Bladder and bowel problems occur commonly in MS, and can range from mild incontinence or constipation to more severe problems. Bladder problems include the need to pass water frequently and/or urgently, incomplete emptying or emptying bladder at inappropriate times. Bowel problems include constipation and, infrequently, loss of bowel control.
Why does MS affect the bladder?
When MS damages myelin in the central nervous system, messages between the brain and the section of the spinal cord that controls the bladder can be interrupted, resulting in bladder problems. The most common bladder problems are:
- urgency (the feeling of having to empty the bladder immediately)
- frequency (an increase in the number of times urination occurs)
- nocturia (frequent urination during the night)
- incontinence (the inability to hold urine in the bladder)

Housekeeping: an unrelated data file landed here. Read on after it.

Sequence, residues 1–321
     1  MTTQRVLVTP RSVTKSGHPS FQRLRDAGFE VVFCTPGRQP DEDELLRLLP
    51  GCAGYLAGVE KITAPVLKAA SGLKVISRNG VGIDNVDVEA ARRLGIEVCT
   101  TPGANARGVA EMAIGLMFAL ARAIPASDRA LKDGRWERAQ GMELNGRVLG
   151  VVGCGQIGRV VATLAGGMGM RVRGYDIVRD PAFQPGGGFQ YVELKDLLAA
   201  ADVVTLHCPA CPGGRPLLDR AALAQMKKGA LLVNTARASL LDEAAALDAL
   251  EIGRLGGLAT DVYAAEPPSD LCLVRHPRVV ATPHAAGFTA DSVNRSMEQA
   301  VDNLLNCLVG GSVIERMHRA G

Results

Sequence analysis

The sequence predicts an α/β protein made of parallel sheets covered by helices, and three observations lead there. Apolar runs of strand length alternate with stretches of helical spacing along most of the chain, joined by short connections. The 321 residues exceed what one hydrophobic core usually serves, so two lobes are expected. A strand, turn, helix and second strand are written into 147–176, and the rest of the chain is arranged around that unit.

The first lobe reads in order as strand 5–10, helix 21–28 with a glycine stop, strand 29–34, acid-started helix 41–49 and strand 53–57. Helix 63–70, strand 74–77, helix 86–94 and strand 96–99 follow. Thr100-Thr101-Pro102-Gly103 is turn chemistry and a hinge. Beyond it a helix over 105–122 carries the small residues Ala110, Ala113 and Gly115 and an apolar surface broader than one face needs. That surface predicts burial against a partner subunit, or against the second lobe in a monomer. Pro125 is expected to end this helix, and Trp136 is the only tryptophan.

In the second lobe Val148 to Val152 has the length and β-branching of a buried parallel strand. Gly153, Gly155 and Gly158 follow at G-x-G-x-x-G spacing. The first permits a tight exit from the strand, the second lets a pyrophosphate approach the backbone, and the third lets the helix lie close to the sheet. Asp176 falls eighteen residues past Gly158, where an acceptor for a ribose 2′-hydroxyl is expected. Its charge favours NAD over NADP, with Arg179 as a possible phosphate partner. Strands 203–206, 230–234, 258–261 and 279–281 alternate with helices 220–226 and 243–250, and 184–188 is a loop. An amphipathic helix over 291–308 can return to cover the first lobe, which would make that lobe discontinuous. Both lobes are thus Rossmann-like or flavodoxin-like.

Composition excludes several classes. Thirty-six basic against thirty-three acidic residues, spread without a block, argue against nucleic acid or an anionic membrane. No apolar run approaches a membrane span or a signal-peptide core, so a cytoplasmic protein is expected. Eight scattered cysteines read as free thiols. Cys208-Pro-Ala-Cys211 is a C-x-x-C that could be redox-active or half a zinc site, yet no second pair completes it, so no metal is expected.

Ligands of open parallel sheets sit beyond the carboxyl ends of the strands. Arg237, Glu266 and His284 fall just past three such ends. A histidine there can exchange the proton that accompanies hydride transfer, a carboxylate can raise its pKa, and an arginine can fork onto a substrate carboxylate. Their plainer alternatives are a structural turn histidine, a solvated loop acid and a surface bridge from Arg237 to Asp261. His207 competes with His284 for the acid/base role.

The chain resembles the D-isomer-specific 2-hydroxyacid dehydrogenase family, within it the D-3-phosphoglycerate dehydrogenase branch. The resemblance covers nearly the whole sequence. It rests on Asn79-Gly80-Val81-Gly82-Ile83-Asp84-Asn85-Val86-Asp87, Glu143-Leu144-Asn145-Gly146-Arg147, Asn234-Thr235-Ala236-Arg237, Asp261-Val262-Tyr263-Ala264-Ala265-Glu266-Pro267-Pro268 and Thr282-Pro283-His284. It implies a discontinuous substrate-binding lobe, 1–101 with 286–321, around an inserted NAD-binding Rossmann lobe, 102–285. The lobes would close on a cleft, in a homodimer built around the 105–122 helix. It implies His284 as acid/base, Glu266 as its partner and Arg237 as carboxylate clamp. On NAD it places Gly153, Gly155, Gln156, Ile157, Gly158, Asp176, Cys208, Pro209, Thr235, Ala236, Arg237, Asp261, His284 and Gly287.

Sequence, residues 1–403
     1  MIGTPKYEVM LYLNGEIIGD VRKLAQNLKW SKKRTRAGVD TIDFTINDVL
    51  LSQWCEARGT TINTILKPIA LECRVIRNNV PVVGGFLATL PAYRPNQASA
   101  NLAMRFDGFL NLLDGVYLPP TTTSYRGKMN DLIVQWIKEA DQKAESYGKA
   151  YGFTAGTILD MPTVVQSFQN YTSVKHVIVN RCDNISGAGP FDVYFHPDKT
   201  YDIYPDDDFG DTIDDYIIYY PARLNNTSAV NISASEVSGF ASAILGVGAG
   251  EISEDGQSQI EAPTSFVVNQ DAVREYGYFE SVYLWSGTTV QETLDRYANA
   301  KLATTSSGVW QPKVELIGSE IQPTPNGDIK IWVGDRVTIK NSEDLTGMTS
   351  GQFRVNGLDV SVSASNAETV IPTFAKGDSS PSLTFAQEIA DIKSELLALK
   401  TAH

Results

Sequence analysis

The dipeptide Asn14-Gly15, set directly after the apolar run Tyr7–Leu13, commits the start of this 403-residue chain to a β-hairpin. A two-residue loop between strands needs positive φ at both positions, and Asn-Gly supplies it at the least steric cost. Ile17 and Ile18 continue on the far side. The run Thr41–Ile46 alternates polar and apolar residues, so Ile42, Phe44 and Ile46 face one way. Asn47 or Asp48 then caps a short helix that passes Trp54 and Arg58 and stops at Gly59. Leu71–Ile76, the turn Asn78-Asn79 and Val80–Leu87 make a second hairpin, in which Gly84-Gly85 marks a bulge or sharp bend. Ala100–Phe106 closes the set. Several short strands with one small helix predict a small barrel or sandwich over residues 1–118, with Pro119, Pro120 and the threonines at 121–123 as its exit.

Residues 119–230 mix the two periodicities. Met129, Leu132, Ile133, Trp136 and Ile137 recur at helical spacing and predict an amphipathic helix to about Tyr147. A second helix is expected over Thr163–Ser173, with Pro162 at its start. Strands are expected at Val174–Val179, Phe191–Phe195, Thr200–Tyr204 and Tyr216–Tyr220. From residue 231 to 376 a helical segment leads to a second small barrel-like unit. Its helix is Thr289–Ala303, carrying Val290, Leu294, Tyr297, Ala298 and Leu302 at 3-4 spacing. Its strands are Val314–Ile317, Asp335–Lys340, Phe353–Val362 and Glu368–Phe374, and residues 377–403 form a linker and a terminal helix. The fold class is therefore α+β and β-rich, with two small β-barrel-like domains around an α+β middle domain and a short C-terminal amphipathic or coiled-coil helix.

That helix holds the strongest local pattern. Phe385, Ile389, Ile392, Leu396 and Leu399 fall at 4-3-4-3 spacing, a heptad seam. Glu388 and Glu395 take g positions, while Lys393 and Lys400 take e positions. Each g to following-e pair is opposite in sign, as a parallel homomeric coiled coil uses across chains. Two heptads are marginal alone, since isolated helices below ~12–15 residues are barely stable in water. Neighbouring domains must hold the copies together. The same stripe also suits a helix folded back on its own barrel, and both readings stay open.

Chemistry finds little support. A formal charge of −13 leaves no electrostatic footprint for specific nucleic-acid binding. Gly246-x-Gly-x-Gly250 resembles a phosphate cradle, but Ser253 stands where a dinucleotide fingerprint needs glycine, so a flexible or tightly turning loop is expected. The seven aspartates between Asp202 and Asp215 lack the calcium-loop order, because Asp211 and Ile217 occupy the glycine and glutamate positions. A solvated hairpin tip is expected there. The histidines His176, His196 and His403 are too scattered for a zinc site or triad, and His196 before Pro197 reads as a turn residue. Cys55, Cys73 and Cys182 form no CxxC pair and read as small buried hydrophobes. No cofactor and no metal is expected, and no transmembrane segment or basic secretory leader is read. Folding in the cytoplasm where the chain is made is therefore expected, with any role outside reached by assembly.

- hesitancy (difficulty in beginning to urinate)
Treating and managing bladder problems
The management of bladder problems in MS includes two key approaches: the use of clean intermittent self-catheterisation to manage incomplete emptying, and medications to treat an over-active bladder that results in inadequate storage of urine and urgency or frequency problems. A comprehensive evaluation of bladder problems by an experienced healthcare professional and motivation on the part of the person with MS can result in successful management of these problems.
Bowel problems in MS
Constipation is the most common bowel symptom in MS. A bowel management programme includes dietary manipulation (such as increasing fibre content), increasing fluid intake (which may create difficulty for those who also have bladder problems), and ensuring a regular and sufficient time for bowel movements. Varying combinations of fibre, stool softeners and peristaltic stimulants are usually needed.